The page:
By Rachel Huculak
April 3, 2021
Seen. The four letters appear on your phone screen. Your heart skips a beat as you wonder, what does this mean? Are they ignoring me on purpose? Are they upset? Though it may be as simple as an opened message, these four letters can cause unwanted stress to anyone who sees them.
This is one of the many reasons why communication over text may not be the best choice. Texting replaces face-to-face interaction, eliminating emotion, tone of voice and facial expressions. In-person communication gives individuals the opportunity to truly communicate with one another, giving a greater understanding to the meaning behind the words being vocalized.
Maggie Mulqueen, a psychologist and writer for NBC News says, “Our increasing preference for texting over email and phone calls creates a higher quantity of interactions, but it decreases their quality, harming our relationships…it’s missing the human contact and learning that comes from true dialogue.”
Though it’s easy to send a quick text message, human relationships are not being significantly enhanced—if anything, they’re being damaged. Texting is still a form of communication, but it is not the same as talking directly to another person and gaining the “true dialogue” that comes with in-person interaction. Moreover, other prevalent drawbacks that arise as a result of communicating over text are discussed below:
Lack of Human Emotion
Most people know the awful feeling that comes after getting all dressed up for a meeting with a friend, feeling excited to see them and go out. Then, a text appears that says, “I’m sorry, I actually can’t make it tonight. Let’s reschedule.” Though the message may seem like a valid apology, how can one know that for sure?
When reading text messages, an individual isn’t able to hear the tone of someone’s voice or the sincerity of an apology. It’s easy to type, “I’m sorry,” without putting thought into the words being sent. This leaves one to wonder if they truly mean it. When talking in-person, the emotion in someone’s voice is better expressed. It’s easier to tell that they’re genuinely sorry and not just cancelling at the last minute because they never wanted to go in the first place.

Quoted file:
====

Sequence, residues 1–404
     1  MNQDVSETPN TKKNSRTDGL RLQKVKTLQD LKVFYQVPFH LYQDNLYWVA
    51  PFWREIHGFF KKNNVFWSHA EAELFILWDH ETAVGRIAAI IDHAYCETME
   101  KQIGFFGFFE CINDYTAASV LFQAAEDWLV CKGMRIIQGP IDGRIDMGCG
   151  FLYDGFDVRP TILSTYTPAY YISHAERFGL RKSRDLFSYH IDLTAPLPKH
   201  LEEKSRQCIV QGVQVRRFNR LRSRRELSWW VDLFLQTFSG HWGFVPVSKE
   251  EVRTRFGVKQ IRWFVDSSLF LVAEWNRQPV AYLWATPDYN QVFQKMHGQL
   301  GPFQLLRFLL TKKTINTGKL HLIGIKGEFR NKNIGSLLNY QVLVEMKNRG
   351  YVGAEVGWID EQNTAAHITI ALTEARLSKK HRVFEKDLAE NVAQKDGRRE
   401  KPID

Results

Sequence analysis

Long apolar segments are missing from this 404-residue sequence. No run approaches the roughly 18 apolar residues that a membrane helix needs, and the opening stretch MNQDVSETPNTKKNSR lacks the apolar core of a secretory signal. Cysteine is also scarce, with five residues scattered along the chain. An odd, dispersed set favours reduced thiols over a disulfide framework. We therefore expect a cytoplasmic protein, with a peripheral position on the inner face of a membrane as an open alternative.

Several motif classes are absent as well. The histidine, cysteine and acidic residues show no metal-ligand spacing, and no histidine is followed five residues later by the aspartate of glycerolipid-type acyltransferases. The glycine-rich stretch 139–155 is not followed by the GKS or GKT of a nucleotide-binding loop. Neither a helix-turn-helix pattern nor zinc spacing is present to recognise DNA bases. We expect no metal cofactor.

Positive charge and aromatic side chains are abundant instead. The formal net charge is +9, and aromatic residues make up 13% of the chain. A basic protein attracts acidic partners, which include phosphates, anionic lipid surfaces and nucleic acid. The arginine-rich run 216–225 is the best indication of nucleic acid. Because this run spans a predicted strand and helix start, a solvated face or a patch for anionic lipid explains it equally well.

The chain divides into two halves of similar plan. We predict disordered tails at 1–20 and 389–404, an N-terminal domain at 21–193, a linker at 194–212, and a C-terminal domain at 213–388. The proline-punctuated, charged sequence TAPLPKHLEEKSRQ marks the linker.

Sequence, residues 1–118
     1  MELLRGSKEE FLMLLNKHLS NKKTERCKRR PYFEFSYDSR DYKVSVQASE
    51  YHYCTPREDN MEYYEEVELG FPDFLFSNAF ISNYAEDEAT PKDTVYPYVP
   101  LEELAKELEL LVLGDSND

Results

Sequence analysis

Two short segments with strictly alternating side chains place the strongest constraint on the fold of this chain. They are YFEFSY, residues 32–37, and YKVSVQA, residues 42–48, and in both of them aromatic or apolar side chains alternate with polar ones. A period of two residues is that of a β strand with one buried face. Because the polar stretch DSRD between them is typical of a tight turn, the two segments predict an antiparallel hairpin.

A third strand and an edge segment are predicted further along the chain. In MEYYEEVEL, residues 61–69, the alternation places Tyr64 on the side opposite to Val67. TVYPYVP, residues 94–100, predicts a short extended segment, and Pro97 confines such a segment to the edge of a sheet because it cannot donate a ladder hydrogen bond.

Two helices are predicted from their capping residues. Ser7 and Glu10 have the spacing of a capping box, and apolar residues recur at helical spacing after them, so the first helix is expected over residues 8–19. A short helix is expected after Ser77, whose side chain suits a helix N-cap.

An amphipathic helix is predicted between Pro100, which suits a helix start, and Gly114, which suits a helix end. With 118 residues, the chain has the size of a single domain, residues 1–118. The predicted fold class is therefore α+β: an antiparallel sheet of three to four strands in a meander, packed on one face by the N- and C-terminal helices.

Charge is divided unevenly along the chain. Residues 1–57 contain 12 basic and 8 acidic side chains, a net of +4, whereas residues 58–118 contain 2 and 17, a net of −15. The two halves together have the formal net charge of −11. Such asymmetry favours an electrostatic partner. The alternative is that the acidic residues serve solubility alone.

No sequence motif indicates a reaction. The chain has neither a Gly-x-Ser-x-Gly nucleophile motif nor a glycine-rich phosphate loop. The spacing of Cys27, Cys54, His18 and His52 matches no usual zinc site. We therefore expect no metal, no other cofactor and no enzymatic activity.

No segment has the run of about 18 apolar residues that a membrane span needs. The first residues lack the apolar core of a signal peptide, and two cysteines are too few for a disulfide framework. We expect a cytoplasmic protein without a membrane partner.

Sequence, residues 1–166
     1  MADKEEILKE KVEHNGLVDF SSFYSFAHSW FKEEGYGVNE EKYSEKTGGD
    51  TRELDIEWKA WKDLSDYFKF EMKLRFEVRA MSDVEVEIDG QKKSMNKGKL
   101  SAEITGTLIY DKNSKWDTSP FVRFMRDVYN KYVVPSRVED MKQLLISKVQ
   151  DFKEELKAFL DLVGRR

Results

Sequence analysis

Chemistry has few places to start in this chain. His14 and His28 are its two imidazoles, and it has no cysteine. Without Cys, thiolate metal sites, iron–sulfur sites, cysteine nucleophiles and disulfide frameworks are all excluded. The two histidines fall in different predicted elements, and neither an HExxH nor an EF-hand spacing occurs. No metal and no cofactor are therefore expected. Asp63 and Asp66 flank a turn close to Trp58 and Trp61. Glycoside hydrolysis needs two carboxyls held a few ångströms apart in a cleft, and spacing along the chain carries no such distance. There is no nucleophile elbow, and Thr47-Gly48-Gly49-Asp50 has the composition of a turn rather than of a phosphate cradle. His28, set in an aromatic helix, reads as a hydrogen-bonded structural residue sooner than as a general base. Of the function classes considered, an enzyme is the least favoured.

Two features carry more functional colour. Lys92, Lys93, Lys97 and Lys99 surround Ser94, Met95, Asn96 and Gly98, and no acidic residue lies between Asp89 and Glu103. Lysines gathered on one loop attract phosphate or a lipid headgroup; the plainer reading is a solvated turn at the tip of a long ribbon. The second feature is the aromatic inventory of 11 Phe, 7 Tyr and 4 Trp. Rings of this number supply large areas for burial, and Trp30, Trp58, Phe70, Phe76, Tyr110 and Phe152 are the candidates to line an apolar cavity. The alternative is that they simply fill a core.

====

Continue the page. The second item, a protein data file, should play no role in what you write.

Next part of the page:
Texting Punctuation & Style
In today’s generation, the use of punctuation can bring forth negative connotations. For example, there is a debate about the use of the period. According to author Hannah Frishberg from the New York Post, “While older texters may consider the period an innocent symbol that a sentence has ended, digital natives consider it a triggering form of aggression.” So, while the sender may just be ending a sentence with a period, others may take it as a signal of frustration or being upset.
This is evident in responses such as, “Ok.,” or, “That’s fine.” When used with short sentences, the period makes words look abrupt or, as Frishberg says, “aggressive.” However, when the period is used with multiple lengthy sentences, its connotation is that it simply ended the sentence.
Moreover, usage of capital letters in texting has been seen as a portrayal of anger or yelling. For example, compare the effect of “finish your homework,” with, “FINISH YOUR HOMEWORK.” The lowercase version appears to be a more casual and relaxed statement while the uppercase version takes up more space on the page. The letters are also heightened, aligning with the idea of a voice being raised.